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Real World article
(written from a Production point of view)
DVD logo

DVD (short for Digital Versatile (or Video) Disc) is a home media format. Developed in the early 1990s, the format gives higher resolution picture and sound than VHS, and allows for special features to be added alongside the main feature. These advantages over VHS ultimately led to the decline of that format.

Regions Edit

DVD releases are divided into separate regions, to restrict the areas specific discs can be played. The following is a guide to the regions and which areas of the world they relate to:

Region Country Map
0
(ALL)
"Region free" releases
DVD Regions
1 US, Canada, US territories
2 Japan, Europe, South Africa, Middle East (including Egypt), French Guiana
3 East and South East Asia (including Hong Kong and Macau)
4 Oceania, Central and South America, the Caribbean
5 Russia, former Soviet republics, the Indian sub-continent, Africa, North Korea, Mongolia
6 China

History of Star Trek on DVD Edit

Star Trek DVDs first emerged in 1998 in Region 1, when Paramount Home Video began releasing basic, "vanilla" releases of the first nine Star Trek films – usually containing the film and its associated trailers. The films were released in a mostly reverse chronological order, starting with Star Trek: First Contact. Star Trek: Insurrection saw release during this time (slotting in between Star Trek V: The Final Frontier and Star Trek IV: The Voyage Home), and Star Trek Nemesis was released in 2003, with some very limited special features, mostly comprised of franchise promotional material, such as televised production shorts and advertisements.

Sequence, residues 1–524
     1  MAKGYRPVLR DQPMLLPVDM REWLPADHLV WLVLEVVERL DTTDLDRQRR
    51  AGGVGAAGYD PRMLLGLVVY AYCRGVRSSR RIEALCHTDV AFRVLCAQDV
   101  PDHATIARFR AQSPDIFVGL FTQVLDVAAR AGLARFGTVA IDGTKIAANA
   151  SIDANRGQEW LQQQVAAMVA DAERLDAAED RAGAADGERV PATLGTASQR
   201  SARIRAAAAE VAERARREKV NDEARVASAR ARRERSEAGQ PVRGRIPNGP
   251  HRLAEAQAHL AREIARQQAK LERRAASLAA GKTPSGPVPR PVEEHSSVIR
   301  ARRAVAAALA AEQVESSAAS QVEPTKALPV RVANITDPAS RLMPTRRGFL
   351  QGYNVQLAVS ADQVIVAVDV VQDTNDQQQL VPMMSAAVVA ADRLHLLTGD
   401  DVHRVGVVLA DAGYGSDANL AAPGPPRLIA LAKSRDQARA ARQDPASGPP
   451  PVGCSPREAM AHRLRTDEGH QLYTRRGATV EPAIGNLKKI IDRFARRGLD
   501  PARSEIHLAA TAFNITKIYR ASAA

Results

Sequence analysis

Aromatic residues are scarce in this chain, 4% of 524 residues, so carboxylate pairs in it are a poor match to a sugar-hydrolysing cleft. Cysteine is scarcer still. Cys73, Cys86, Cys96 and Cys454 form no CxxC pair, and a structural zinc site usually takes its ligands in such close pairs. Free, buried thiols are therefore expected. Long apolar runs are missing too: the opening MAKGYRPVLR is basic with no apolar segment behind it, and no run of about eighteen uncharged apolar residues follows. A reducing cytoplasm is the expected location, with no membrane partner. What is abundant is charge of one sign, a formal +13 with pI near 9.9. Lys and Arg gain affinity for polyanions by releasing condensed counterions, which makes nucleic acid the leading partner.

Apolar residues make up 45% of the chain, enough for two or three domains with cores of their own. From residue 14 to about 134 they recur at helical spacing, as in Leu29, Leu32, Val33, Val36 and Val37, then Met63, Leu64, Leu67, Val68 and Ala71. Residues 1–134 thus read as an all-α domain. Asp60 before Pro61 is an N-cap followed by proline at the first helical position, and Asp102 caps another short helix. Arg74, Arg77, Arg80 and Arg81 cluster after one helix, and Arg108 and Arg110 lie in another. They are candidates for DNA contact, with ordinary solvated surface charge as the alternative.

As it turned out however, more in-depth special features had been produced for these films, but were only offered on separate discs through by the franchise selected preferred retailers(citation needededit), most notably the chain store Best Buy, a market discrimination strategy called the "retailer exclusive format", and one that is particularly loathed by fans and customers – particularly by those who had only access to the "vanilla" releases. [1] At the time several scrupulous Best Buy patrons bought these releases in bulk and subsequently offered the special feature discs up at premium prices on eBay, the market site that was at the time rapidly becoming a force to be reckoned with. [2]

The following year, a release of Star Trek: The Original Series began, in a two-episode-per-disc format. These releases had limited bonus features, and were presented in a cardboard sleeve. The episodes were released in production order, with "The Cage" (in both black & white and colorized versions) being included on the final volume. These releases were Region 1 only; the rest of the world would have to wait until 2004 for an Original Series release. In 2001, Paramount released Star Trek: The Motion Picture on DVD. For this release, the company decided to reappraise the film as a whole, introducing new CG special effects, and re-cutting the film to better reflect Robert Wise's original intentions. This "Director's Edition" was a two-disc release with extensive special features. (As a result, the theatrical cut of the film was not released on DVD until the Region 2 Original Motion Picture Collection.)

Following the enormous success of the Director's Edition of Star Trek: The Motion Picture, Paramount re-released the other nine films in two-disc special editions, with some new features along with the ones that were previously only available to the Best Buy clientèle, redressing the perceived injustice as far as the fanbase was concerned.